Four years on from the devastating earthquake and tsunami that struck Japan, the country’s business sector has lived up to its reputation for resilience and shown clearly why disaster preparedness is so important for recovery.
This World Bank brochure, published ahead of the Third UN World Disaster Risk Reduction Conference, presents an overview of global DRR policy development and the World Bank’s strategy in the field.
The Third UN World Conference on Disaster Risk Reduction (#WCDRR), is being hailed by participants as the first international meeting of its kind to provide a wide range of accessibility features for people living with disabilities.
Representatives from 187 UN member States today adopted the first major agreement of the Post-2015 development agenda, a far reaching new framework for disaster risk reduction with seven targets and four priorities for action.
‘Inclusion builds resilience’ is the clear message from persons with disabilities to the Third UN World Conference on Disaster Risk Reduction.
The Global Facility for Disaster Reduction and Recovery (GFDRR), the World Bank, and the UK Department for International Development (DFID) have joined forces to launch the Challenge fund to help spur new and inventive approaches and partnerships so developing countries can better gauge disaster risks.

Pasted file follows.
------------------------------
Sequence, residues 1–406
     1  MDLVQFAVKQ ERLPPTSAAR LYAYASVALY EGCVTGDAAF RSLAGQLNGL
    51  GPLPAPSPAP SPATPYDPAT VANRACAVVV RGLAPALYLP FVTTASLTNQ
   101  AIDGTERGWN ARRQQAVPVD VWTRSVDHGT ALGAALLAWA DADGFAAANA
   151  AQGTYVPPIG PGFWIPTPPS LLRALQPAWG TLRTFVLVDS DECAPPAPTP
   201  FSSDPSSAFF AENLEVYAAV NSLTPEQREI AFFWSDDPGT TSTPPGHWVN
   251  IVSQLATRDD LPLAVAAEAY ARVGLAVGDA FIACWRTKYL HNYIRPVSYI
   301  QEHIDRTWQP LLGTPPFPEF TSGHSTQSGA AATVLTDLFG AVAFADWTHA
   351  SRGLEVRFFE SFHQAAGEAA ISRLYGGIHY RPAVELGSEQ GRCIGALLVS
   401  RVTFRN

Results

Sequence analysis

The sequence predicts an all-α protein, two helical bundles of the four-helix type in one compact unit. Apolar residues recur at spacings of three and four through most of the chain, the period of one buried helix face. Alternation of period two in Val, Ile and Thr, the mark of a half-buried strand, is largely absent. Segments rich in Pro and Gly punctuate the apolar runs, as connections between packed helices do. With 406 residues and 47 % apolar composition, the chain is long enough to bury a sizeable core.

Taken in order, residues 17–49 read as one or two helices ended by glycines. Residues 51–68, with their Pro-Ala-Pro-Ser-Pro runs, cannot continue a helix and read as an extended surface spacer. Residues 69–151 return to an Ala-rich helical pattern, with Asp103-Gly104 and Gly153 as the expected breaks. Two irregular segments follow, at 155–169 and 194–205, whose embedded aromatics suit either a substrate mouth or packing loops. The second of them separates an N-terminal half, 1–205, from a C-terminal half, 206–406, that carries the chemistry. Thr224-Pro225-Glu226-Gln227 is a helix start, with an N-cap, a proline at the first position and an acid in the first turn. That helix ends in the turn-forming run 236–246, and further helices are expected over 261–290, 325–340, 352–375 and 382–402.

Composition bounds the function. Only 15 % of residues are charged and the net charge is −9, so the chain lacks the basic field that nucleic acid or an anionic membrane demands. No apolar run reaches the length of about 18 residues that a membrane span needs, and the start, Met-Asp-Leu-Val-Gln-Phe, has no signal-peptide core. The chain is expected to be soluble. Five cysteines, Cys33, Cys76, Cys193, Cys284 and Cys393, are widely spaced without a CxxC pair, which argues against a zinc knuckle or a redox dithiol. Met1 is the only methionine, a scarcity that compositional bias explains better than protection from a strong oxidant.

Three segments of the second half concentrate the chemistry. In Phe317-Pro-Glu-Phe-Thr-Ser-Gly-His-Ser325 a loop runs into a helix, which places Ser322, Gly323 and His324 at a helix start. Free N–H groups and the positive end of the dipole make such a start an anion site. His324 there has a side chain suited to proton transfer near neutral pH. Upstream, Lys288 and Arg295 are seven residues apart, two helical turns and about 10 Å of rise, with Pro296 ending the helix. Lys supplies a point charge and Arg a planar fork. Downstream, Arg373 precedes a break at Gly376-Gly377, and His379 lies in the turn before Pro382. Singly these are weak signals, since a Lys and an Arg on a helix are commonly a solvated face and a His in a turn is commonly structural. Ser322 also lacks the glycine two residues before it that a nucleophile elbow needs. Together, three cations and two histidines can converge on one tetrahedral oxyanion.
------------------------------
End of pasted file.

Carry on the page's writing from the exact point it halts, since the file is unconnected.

Chair of the UNISDR’s Private Sector Advisory Group called for the high standards that are typically applied to major infrastructure projects to be the benchmark for the majority of urban areas that are residential and home to small businesses.
Christchurch Mayor Ms. Lianne Dalziel told the Third UN World Conference on Disaster Risk Reduction that greater health resilience shortens the response to, and recovery from, disaster.
The Japanese Prime Minister, Mr. Shinzo Abe, today pledged $US 4 billion to support implementation of the “Sendai Cooperation Initiative for Disaster Risk Reduction” over the next four years.
“Japan’s new cooperation initiative for disaster risk reduction. Under this initiative, over the next four years, Japan will train 40,000 officials and people in local regions around the world as leaders who will play key roles in disaster risk reduction and reconstruction.” – Mr. Shinzo Abe, Japanese Prime Minister